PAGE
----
Mathilde joined the University of Exeter as a Lecturer in Law in July 2016. She holds a Licence and Maitrise in Law from the University of Rennes (France), an LLM and PhD from the University of Exeter. Mathilde is also a Guest Lecturer in comparative intellectual property law at King’s College London. She was appointed as a visiting scholar at the University of Victoria (British Columbia, Canada) and University of Queensland (Brisbane, Australia) and held a John W. Kluge research fellowship at the US Library of Congress (Washington DC) before joining Exeter Law School as a Lecturer.
Mathilde’s research primarily focuses in the areas of intellectual property law (copyright and performers’ rights), cultural heritage regulation and their respective intersections with new technologies, creativity, performance and disability broadly understood.
Mathilde’s research focuses primarily on the protection of performing artists under intellectual property laws. More recently, her work has explored the protection of intangible forms of cultural heritage, notably contemporary intangible expressions of heritage, by national and international laws.
M. Pavis and A. Wallace. “Response to the 2018 Sarr-Savoy Report: Statement on Intellectual Property Rights and Open Access relevant to the digtiization and restitution of African Cultural Heritage and associated materials.” DOI
M. Pavis. “‘In fashion, one day you are in, the next you are out’: comparative perspectives on the exclusion of fashion models from performers’ rights.” European Intellectual Property Review 41(6)(2019): 347-358.
C. Waelde, C. Cummings, M. Pavis, and H. Enright (eds). Research Handbook on Contemporary Intangible Cultural Heritage: Law and Heritage. Edward Elgar, 2018.
M. Pavis. “Runway models, runway performers? Unravelling the Ashby jurisprudence under UK law.” Journal of Intellectual Property Law and Practice 13 (2018): 867–877. DOI.
M. Pavis. “ICH and Safeguarding: Uncovering the cultural heritage discourse of copyright.” In Research Handbook on Contemporary Intangible Cultural Heritage: a Law and Heritage Exploration, edited by C. Waelde, C. Cummings, H. Enright, and M. Pavis. United Kingdom: Edward Elgar, 2018.
M. Pavis, C. Waelde, and S. Whatley. “Who can profit from dance? an exploration of copyright ownership.” The Journal of Society for Dance Research 35 (2017): 96–110. DOI.
M. Pavis. “Is There Any-Body on Stage? A Legal (Mis)understanding of Performances.” The Journal of World Intellectual Property 19, no. 3-4 (2016): 99–114. DOI.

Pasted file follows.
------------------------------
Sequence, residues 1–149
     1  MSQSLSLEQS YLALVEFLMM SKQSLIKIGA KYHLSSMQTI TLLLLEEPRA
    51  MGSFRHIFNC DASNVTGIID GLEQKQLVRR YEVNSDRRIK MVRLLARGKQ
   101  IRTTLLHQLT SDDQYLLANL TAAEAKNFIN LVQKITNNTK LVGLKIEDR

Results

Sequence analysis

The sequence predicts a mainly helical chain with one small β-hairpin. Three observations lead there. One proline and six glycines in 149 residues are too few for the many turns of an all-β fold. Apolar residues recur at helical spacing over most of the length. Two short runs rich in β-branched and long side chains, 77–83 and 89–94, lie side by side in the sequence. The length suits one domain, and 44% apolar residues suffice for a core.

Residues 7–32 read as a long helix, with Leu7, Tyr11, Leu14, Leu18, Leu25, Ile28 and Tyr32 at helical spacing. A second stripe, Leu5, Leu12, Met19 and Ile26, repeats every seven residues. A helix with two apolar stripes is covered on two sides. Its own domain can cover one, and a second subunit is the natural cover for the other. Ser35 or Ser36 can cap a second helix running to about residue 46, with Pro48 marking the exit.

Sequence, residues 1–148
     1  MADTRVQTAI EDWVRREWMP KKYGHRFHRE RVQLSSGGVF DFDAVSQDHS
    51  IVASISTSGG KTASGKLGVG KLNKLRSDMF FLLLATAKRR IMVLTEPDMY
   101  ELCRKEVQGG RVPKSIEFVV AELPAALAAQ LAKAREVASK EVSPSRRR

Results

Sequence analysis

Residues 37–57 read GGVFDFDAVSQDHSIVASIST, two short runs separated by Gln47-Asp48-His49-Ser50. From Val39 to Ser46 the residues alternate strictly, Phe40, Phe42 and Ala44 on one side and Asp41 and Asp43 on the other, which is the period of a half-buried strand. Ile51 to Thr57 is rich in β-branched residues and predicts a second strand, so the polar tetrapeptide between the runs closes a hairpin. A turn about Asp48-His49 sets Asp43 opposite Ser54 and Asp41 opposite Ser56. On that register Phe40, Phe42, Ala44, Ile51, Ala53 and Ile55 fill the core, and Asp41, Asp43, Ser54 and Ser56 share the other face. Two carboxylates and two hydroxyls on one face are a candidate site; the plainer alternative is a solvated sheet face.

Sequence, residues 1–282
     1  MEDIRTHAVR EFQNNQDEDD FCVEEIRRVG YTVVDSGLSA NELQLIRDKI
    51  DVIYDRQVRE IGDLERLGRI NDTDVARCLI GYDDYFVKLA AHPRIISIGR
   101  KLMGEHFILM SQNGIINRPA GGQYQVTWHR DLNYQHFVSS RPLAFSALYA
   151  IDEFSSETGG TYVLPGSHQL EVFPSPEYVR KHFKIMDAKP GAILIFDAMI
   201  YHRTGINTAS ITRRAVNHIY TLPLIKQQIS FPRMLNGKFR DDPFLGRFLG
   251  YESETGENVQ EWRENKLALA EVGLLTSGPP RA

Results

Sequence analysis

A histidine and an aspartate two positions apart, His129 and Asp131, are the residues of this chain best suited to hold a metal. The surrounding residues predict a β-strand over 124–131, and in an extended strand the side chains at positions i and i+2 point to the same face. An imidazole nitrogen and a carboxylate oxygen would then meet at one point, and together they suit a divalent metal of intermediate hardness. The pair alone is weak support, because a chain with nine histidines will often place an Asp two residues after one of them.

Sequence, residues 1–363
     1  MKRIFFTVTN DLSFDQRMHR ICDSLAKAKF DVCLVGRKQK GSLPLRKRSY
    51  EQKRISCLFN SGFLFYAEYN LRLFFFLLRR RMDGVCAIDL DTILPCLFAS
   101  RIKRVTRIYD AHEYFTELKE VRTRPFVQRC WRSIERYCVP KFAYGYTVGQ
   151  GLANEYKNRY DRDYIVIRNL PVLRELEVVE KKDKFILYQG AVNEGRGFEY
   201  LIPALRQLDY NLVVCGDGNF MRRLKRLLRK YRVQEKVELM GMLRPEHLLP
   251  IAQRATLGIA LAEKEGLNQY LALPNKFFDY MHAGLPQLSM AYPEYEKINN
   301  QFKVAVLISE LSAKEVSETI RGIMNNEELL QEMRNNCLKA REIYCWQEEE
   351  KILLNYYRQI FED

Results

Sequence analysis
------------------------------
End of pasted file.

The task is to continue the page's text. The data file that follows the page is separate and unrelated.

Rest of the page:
Select Conference Appearances
Keynote: “What’s in a reputation? The doctrine of moral rights after the Weistein scandal,” Faculty of Law, University of Victoria, BC, Canada, 12 August 2018.
“Performing artists in the creative industries: Performers’ rights in the UK,” Theatre Northern Ireland Workshop, Queen’s University of Belfast, Belfast, Northern Ireland, 18-19 January 2017.
“The intellectualisation of intellectual property law,” Annual Work In Progress in Intellectual Property Conference, University of Washington, Seattle, US, 18-19 February 2016.
“Is there any-body on stage? A legal (mis)understanding of performances,” International Congress of the Association for the Advancement of Teaching and Research in Intellectual Property Law, Cape town, South Africa, 27 September 2015.
“Bound by Law: Musical Performers’ legal obligation to abide by the scores,” Orpheus Instituut Conference: Music for all’, Orpheus Instituut Ghent, Belgium, 18-19 February 2015.
“Intellectual Property, Disability and Performance,” Authorship and Agency International Symposium, Berlin, Germany, 8-9 November 2013.
Select Media Appearances
M. Pavis, “Love Island stars deserve workplace protection”, The Times, 10 June 2019.
[unnamed]. “Voiceover artists face losing intellectual property rights”, The Times, 26 March 2019
J. Ames and F. Gibb. “Strut it like Naomi Campbell and you might be hit for copyright,” The Times, 18 September 2018.
M. Pavis. “Cutting Kevin Spacey out of a film could lead to ‘scandal clauses’ in Hollywood,” The Independent, 12 January 2018; Republished in The Conversation.
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